This has been a rare series in this newly enlightened era when players from both teams have wanted to throw punches at their opponents and, occasionally, at their teammates. The shovings by Noah and Mohammed happened entirely within that context, and the Heat didn't know how to conduct themselves in an environment so blatantly hostile. It was as if the wind had been knocked out of them emotionally -- as if they were numb, while the Bulls were engaged.
To focus on the Heat's stats -- shooting 50 percent from the field while committing no more than a dozen turnovers -- was to have no idea just how hard this night turned out to be for them. Every Bulls starter played at least 42 minutes and scored 15 points or more in a sensational sum-of-the-parts team effort. In comparison to the rotation of the Heat, which may send four players to the Hall of Fame, the depleted Bulls looked like a high-end Euroleague team, with Noah (15 points, 11 rebounds, four assists, two steals and two blocks) and Marco Belinelli (16 points and six assists) carrying the proper passports with Thibodeau demanding incessantly as if in a Serbian accent.
They were maxing themselves out while the Heat were hanging on, its second-half frustration building through James. He missed a corner three, and as he set up defensively cursed himself, "Damn! Damn!" While backpedaling in transition defense and trying to shout instructions he was almost trampled as Butler ran with purpose to clear the lane. A frontcourt turnover by Mario Chalmers earned an over-the-shoulder glare from James even as he sprinted back defensively, unable to prevent Jimmy Butler from finishing the layup.
Chalmers had his own issues. When his drive and kick flew out of bounds, he turned and scowled at Shane Battier, who was clapping to try to encourage a more upbeat response. But others weren't in the mood to make nice: After Taj Gibson had attacked the basket for a three-point play in the third quarter, Bosh leaned down and screamed a tirade at Chalmers, who looked to James for help; but James was backing up Bosh's point of view. That's when Noah stepped in between them along the lane clapping and shouting to emphasize that his Bulls had the Heat right where they wanted them, divided and almost conquered, for one night at least. "We had some careless turnovers, we weren't playing hard enough on defense, they were getting some easy baskets -- those were things we were saying that we couldn't give up," said Bosh. "Those conversations were healthy. I know it might seem heated looking at it during the game, but if we aren't meeting those standards, we hold each other accountable."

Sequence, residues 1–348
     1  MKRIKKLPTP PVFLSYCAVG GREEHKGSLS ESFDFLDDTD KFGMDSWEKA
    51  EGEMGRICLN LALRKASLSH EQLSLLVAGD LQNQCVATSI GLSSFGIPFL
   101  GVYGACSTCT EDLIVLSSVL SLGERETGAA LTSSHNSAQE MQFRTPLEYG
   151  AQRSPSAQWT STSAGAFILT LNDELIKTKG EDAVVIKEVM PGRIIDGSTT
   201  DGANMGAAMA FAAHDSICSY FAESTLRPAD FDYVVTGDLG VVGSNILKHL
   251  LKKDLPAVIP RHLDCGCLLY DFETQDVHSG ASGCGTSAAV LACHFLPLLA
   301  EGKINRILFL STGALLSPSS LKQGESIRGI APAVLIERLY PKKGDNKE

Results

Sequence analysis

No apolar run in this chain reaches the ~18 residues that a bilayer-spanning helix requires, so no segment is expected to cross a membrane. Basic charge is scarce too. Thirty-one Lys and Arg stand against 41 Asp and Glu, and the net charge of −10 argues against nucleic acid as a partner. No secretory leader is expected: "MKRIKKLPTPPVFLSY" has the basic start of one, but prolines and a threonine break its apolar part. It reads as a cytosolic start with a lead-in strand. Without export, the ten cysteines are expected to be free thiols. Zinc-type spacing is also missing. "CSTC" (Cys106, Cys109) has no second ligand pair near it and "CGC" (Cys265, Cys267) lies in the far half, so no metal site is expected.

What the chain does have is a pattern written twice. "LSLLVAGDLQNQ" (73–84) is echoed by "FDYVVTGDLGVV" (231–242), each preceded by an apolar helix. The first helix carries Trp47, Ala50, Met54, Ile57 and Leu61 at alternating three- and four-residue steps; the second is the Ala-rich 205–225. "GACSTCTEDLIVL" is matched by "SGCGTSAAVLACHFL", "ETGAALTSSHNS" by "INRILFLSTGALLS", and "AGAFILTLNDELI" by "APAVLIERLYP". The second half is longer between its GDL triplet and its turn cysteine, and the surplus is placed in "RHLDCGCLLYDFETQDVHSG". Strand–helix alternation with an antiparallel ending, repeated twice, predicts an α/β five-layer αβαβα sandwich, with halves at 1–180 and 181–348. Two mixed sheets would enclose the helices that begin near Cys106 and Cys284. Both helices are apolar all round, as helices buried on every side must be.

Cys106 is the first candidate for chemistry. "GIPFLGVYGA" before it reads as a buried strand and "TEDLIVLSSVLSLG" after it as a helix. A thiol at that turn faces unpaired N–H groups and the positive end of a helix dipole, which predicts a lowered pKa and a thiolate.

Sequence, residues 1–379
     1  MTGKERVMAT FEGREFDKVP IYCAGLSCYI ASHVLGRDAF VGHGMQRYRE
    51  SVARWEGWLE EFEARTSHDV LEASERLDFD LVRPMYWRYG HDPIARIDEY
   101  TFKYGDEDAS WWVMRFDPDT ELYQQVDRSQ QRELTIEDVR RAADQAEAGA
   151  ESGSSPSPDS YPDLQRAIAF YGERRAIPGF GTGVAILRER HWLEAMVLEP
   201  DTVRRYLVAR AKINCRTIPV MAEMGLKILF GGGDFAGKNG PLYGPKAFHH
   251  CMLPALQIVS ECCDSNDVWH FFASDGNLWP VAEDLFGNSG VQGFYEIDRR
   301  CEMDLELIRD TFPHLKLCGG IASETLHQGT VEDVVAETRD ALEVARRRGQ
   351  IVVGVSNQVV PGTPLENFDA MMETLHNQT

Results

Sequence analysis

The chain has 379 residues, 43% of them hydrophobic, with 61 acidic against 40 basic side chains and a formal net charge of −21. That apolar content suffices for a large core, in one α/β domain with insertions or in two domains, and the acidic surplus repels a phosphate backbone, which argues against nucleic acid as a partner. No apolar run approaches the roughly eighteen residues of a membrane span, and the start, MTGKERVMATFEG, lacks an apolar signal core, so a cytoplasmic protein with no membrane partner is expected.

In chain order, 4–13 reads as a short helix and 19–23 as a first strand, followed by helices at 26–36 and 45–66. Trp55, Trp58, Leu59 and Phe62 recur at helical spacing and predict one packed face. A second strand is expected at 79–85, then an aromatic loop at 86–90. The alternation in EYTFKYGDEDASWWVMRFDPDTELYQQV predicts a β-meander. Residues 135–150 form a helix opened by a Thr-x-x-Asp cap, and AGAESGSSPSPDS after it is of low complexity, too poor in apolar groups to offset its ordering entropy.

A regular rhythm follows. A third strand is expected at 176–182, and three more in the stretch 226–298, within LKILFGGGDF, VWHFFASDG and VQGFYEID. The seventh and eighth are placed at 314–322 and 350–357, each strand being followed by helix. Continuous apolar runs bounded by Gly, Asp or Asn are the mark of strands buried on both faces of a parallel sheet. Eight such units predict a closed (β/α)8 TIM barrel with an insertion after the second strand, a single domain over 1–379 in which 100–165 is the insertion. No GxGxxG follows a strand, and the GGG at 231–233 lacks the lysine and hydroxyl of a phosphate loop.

The worst of it arrived out of nowhere when the 6-foot-8 James flew past Belinelli in transition -- only to have his layup blocked off his left shoulder by Robinson. It was the ultimate underdog play.
When James wasn't being blocked by a 5-9 point guard, he was settling for flat-footed jumpers while the Bulls were attacking the basket for a 44-28 advantage in the paint. "There were times when we could show a little more poise," said Spoelstra, before quickly acknowledging that Thibodeau's defenses have constipated many contenders over the years.
The Heat were protecting a four-point lead when James returned to the present. With 2:33 left he caught an inbounds pass from under his own basket and went straight up with a deep three in the vicinity of Noah. He drilled it for a 93-86 lead and turned away with a loud scream that Noah tried to pretend he hadn't heard. When LeBron crossed midcourt to set up defensively, he repeated the scream for the sake of the other half of the arena.
Before he made that shot, James had gone 4-for-15 with 15 points. (He finished with 25 points, eight rebounds and seven assists.) On the next possession reversed the ball out of a trap to Bosh, who relayed it onto Norris Cole, who went 6-for-7 off the bench overall while making all three of his threes, including the final shot that earned a chest bump from James and another yell.
The Miami lead had dwindled to six when James dribbled down the clock to its final grains before bursting past Butler and crossing to his right to finish a difficult three-point play over Noah. His momentum carrying him to the end of the stands, LeBron looked up and screamed once more. A fan expensively seated in the front row stood and bowed to him theatrically.
In case the Bulls fans hadn't heard, James was making it loud and clear: This is 2013, a second championship is his to lose, and losing no longer appears to be among the options.